Now, Mayo’s number is being called after interviewing last year for the Philadelphia Eagles’ head coaching job that went to Nick Sirianni.
During Belichick’s coaching tenure in New England and a span of six Super Bowl victories and Vince Lombardi trophies, he has only hired two position coaches without any previous coaching experience: Mayo and Pepper Johnson, another retired inside linebacker.
Mayo has already been requested by the Denver Broncos for an interview and is expected to talk with them next week.
“It’s great,” Mayo told New England reporters. “But at the end of the day I will say this: right now, I’m fully focused on the Buffalo Bills, but it’s definitely a huge opportunity. Hopefully, one day, I’ll get a chance to coach a team.”
Bill has been great with that stuff. He’s been an open book for me, whether we’re talking about Xs & Os or structure of the team, or anything like that, he’s been great,” said Mayo, also noting Matt Patricia, Josh McDaniels and Jedd Fish as mentors to him. “[Patricia] has been a great resource. All these guys have been great resources for me. But really, like I said, the focus is on this season. But, at the same time, development has always been a huge factor for me as far as coaching is concerned.”
Although the Texans are looking into their connections initially, Texans general manager Nick Caserio, a former Patriots executive and assistant coach, said that doesn't mean the AFC South franchise will necessarily hire a coach with a Patriots background.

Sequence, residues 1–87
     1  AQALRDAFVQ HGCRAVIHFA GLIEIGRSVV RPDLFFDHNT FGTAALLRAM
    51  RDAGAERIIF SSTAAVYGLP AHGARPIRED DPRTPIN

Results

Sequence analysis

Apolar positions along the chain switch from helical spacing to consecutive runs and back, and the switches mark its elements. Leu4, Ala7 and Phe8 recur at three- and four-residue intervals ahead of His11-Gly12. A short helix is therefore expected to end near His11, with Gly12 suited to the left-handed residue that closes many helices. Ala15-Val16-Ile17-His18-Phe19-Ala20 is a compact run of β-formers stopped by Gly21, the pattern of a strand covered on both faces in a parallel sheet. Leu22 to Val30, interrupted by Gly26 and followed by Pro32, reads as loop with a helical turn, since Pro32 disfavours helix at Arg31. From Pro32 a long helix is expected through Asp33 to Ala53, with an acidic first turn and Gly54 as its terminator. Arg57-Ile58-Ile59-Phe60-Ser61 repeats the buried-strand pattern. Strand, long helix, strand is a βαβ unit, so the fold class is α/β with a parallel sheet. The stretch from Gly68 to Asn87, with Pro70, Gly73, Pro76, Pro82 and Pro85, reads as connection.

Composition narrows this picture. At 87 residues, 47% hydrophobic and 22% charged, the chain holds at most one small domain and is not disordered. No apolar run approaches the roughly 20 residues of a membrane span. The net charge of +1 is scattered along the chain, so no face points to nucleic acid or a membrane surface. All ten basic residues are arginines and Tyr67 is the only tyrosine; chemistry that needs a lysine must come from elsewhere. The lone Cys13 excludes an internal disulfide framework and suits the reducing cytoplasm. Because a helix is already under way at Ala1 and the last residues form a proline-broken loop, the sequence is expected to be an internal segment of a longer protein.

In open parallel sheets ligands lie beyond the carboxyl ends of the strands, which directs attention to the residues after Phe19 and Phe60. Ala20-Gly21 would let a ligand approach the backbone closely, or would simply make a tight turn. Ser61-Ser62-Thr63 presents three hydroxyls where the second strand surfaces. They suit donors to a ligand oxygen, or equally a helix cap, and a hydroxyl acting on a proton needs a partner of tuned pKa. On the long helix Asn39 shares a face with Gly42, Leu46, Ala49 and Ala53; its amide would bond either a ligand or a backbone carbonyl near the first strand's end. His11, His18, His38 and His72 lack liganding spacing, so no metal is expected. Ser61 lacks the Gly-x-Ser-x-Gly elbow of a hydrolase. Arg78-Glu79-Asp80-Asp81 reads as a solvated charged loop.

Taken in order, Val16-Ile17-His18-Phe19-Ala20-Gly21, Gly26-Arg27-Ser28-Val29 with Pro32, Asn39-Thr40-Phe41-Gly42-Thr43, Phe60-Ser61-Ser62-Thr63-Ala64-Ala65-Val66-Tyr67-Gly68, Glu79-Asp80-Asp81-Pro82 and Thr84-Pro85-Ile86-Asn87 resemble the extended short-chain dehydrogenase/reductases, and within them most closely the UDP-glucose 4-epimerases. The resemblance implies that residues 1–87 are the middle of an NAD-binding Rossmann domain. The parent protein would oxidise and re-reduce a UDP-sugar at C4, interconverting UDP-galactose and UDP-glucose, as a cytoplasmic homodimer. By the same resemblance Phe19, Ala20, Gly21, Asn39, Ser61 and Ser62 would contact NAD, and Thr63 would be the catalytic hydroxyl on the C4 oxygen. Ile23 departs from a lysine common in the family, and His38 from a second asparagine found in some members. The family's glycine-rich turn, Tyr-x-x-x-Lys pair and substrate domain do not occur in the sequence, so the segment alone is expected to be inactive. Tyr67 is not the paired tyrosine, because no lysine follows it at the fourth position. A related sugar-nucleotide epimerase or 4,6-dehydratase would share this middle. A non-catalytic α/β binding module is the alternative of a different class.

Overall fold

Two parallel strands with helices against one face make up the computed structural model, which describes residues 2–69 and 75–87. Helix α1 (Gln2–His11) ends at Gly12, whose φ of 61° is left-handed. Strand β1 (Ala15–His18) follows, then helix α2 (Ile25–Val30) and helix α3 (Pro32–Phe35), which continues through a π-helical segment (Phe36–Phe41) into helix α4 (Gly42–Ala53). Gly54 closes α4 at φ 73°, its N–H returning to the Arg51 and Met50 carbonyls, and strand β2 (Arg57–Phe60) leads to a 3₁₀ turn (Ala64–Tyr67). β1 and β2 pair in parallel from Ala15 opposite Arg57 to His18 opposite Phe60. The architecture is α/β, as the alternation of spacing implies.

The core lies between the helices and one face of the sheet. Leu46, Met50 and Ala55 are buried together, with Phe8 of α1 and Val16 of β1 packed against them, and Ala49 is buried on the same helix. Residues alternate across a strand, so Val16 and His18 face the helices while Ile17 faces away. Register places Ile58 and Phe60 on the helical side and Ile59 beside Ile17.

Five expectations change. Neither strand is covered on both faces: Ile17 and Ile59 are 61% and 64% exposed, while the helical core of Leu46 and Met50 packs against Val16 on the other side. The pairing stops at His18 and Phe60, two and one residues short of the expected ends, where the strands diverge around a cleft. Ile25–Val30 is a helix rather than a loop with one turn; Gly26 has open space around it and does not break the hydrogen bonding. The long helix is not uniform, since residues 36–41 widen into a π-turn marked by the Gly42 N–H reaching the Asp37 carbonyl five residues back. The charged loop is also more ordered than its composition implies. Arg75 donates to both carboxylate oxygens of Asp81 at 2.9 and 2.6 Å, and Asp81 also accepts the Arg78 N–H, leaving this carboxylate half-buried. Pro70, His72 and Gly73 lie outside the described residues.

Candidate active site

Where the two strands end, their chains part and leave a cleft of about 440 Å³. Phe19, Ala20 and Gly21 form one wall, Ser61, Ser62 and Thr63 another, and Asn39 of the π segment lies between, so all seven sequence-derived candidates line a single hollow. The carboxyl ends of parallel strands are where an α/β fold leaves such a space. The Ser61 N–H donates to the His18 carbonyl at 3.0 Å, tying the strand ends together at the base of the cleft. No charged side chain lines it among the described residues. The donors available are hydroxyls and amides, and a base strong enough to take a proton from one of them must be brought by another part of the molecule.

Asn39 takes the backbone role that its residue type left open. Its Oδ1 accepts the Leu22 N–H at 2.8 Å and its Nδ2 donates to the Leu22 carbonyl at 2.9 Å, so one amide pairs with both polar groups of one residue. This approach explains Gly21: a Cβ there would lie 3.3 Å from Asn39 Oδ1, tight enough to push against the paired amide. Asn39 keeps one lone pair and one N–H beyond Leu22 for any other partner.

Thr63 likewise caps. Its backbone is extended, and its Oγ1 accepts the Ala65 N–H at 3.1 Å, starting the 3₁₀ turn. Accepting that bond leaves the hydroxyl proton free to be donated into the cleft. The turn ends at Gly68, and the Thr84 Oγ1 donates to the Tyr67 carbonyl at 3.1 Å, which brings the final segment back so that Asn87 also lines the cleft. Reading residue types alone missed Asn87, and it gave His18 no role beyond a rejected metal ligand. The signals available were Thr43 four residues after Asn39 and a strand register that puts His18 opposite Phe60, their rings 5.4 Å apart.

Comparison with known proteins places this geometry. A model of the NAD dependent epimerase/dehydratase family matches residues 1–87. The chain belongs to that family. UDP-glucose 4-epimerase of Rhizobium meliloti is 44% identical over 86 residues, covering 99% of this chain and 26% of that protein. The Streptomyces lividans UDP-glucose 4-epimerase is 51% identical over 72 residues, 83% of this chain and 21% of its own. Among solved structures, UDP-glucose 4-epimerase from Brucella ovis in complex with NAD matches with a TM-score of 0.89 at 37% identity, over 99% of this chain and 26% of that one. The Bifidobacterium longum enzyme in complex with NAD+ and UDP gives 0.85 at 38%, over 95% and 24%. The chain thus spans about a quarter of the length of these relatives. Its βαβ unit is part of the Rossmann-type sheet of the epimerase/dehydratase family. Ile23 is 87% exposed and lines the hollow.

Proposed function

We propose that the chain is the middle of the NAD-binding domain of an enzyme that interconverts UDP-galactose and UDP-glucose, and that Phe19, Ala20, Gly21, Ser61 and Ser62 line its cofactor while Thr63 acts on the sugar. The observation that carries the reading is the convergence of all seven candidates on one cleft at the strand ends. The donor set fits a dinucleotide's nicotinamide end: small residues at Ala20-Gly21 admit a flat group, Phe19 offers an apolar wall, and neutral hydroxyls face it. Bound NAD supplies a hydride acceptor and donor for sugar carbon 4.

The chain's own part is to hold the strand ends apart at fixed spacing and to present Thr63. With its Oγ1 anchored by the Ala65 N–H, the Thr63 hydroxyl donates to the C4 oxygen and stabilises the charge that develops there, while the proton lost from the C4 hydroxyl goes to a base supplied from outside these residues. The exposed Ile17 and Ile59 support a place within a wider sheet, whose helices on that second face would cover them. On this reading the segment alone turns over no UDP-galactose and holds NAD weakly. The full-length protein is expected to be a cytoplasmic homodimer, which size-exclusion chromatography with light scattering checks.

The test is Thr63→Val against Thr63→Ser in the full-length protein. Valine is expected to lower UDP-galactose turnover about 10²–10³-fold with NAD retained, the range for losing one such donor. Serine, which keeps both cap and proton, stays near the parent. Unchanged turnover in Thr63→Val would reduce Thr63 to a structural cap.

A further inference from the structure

“I don’t think anybody should assume anything," Caserio said Friday at NRG Stadium. "I think we’re going to be very deliberate, will be very deliberate with this process, the most important this is just finding, I would say, the best fit for this organization. Again, there’s probably a thousand things that go into that, so for me to kind of articulate one or two I don’t think is fair. But again, there’s a myriad of things that this role - again, it’s all about the job description and what you want from that person, what you want from that individual, and there’s some many things that go into it. So, I would say I wouldn’t assume anything. I think we’re going to go be very thorough and just try to make the best decision for this organization, whatever that entails.”
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When discussing building sustained success like the Patriots, Pittsburgh Steelers, Green Bay Packers and Kansas City Chiefs, Caserio cited the example of Pittsburgh coach Mike Tomlin, who has never had a losing season, has one Super Bowl championship and a 163-92-2 all-time record and is back in the playoffs again.